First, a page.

Computer Associates (CA) spelled out a "modular" future to a smaller than anticipated gathering at its annual world user conference in Orlando, Florida this week.
Estimates of attendees were as low as 6000 compared to more than 20,000 last year, which had some exhibitors fuming. Despite this, the company made a series of product and partnership announcements.
CA officials claim its new modular approach, which includes offering systems management in six new modules under its Jasmine ebusiness platform infrastructure, will put the company well ahead of its competitors.
The Jasmine brand will cover applications for portals, knowledge management, predictive analysis and visualisation.
The modularised version of UniCenter TNG, Version 3.0, is a web infrastructure management module for monitoring BEA Systems' WebLogic, IBM's WebSphere and Oracle's 9i application server.
Vendors such as PeopleSoft, Oracle, Nokia, Motorola, and webMethods have signed on to support UniCenter.
The latest version will offer five other modules for managing network systems for service levels, automated operations, IT resources, databases, and applications.
Sanjay Kumar, CA president and chief executive, who recently made headlines because of a surprise proxy bid to replace CA's board, emphasised the company's openness, cross-platform support and platform agnosticism.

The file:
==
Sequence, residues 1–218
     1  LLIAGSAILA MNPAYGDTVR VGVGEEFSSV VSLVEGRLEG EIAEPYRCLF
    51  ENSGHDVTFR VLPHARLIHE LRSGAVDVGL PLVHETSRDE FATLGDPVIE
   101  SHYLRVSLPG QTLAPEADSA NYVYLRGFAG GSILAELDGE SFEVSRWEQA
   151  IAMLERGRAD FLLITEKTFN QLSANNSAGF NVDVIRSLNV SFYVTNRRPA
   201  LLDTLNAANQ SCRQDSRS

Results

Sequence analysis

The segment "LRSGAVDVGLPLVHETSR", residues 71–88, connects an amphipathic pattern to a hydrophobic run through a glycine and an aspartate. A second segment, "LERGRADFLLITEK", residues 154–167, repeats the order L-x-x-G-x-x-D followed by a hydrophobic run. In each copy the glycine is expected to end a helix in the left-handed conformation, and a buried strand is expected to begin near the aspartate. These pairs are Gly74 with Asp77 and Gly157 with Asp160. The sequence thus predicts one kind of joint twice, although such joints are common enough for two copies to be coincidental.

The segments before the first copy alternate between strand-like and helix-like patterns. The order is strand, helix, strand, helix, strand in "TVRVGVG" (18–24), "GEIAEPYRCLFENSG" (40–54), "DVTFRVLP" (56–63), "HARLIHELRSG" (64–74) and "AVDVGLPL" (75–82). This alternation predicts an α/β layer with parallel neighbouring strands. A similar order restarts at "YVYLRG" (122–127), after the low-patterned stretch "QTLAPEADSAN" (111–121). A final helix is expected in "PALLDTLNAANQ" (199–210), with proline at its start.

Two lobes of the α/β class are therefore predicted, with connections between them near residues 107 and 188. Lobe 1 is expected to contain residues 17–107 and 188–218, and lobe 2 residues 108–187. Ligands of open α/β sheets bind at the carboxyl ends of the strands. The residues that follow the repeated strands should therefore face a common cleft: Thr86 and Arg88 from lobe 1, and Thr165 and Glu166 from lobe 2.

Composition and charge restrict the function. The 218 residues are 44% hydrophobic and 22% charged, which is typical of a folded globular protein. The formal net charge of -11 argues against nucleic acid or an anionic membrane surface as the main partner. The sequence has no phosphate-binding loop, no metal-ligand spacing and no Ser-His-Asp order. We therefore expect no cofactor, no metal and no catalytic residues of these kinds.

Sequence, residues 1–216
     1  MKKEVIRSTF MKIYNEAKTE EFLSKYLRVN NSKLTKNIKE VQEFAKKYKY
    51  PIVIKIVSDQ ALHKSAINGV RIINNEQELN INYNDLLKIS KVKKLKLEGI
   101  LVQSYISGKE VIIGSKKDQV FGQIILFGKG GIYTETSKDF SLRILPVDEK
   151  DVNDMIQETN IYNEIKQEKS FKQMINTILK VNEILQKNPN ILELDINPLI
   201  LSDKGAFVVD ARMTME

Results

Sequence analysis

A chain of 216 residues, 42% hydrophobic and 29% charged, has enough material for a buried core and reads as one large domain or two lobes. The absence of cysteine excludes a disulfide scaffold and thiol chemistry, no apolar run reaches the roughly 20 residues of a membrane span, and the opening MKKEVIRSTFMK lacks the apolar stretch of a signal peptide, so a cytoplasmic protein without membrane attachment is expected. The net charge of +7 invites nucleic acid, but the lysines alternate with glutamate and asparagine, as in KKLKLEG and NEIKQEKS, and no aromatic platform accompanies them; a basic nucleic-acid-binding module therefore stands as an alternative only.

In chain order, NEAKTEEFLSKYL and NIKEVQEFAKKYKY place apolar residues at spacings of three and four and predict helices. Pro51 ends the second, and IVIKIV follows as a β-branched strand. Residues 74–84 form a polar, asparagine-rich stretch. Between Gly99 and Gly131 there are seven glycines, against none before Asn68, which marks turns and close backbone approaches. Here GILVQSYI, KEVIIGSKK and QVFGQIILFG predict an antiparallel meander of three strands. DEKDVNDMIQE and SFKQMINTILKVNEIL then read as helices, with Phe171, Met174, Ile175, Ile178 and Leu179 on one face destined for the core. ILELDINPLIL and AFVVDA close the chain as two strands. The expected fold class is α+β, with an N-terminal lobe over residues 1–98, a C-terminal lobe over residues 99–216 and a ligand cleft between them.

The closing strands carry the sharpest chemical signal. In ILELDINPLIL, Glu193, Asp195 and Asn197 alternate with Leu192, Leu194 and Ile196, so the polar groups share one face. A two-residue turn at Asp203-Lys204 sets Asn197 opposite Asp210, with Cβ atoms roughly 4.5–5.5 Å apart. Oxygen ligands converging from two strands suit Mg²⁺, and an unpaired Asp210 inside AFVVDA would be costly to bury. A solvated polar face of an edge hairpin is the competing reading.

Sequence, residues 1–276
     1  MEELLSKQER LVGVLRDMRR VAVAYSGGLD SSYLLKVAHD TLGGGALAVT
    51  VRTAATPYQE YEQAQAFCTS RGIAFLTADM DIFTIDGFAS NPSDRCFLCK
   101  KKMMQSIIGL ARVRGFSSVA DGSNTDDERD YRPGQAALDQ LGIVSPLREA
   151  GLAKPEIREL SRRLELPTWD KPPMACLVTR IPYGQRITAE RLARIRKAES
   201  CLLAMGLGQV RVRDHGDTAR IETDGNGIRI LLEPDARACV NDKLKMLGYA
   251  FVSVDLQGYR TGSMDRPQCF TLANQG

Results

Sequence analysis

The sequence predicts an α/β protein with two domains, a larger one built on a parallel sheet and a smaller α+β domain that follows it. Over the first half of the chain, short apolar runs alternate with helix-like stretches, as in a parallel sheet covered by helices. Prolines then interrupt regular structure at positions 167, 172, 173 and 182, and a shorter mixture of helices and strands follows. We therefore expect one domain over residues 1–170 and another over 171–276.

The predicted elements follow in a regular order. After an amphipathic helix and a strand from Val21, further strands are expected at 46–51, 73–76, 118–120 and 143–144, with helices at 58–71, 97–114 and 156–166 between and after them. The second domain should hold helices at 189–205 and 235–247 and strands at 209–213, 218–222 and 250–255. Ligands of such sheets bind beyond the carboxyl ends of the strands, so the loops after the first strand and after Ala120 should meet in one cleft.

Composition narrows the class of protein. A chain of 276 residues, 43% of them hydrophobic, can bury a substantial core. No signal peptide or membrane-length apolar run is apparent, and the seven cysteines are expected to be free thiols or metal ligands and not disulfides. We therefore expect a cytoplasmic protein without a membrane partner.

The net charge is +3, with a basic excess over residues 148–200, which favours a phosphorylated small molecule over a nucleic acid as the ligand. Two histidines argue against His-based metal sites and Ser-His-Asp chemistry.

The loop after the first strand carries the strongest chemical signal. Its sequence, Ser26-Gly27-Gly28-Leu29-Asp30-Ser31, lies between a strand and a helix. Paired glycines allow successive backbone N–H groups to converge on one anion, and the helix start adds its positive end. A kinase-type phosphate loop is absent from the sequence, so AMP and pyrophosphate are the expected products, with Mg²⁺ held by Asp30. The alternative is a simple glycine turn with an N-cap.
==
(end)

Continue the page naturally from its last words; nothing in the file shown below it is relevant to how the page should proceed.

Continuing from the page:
"Being Swiss is a very good thing," he said. [A reference to the position of neutrality held by Switzerland.]
Kumar also mentioned CA as a good corporate citizen and highlighted its community involvement and progressive workforce policies and benefits.
In addition, CA overhauled its eTrust security products and introduced its new public key infrastructure eTrust solution designed to be integration friendly.
The company also said it is consolidating its storage applications under its new BrightStor brand and releasing its first product, BrightStor Enterprise Backup.
CA has also expanded its partnership with EMC and will jointly offer a package featuring applications tailored to EMC's TimeFinder software.
Hurwitz Group analyst Evan Quinn said that in the past two years, CA has been moving away from a more conservative approach and beginning to compete with more late-breaking technologies.
"They're beginning to compete head-to-head with BEA and IBM and beginning to get into some of those bids. They do a good job of executing primarily within their installed base."
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